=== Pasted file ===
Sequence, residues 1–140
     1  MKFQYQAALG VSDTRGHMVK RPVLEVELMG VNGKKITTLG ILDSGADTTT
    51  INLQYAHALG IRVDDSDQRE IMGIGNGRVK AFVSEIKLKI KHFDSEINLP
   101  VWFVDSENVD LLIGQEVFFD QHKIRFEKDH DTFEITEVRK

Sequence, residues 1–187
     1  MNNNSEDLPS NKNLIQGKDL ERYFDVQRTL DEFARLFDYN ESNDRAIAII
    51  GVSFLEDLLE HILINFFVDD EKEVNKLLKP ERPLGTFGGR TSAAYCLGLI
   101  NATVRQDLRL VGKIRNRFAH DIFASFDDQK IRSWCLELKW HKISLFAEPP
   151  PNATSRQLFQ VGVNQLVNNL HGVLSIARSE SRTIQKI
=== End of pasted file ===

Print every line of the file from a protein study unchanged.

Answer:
Sequence, residues 1–140
     1  MKFQYQAALG VSDTRGHMVK RPVLEVELMG VNGKKITTLG ILDSGADTTT
    51  INLQYAHALG IRVDDSDQRE IMGIGNGRVK AFVSEIKLKI KHFDSEINLP
   101  VWFVDSENVD LLIGQEVFFD QHKIRFEKDH DTFEITEVRK

Sequence, residues 1–187
     1  MNNNSEDLPS NKNLIQGKDL ERYFDVQRTL DEFARLFDYN ESNDRAIAII
    51  GVSFLEDLLE HILINFFVDD EKEVNKLLKP ERPLGTFGGR TSAAYCLGLI
   101  NATVRQDLRL VGKIRNRFAH DIFASFDDQK IRSWCLELKW HKISLFAEPP
   151  PNATSRQLFQ VGVNQLVNNL HGVLSIARSE SRTIQKI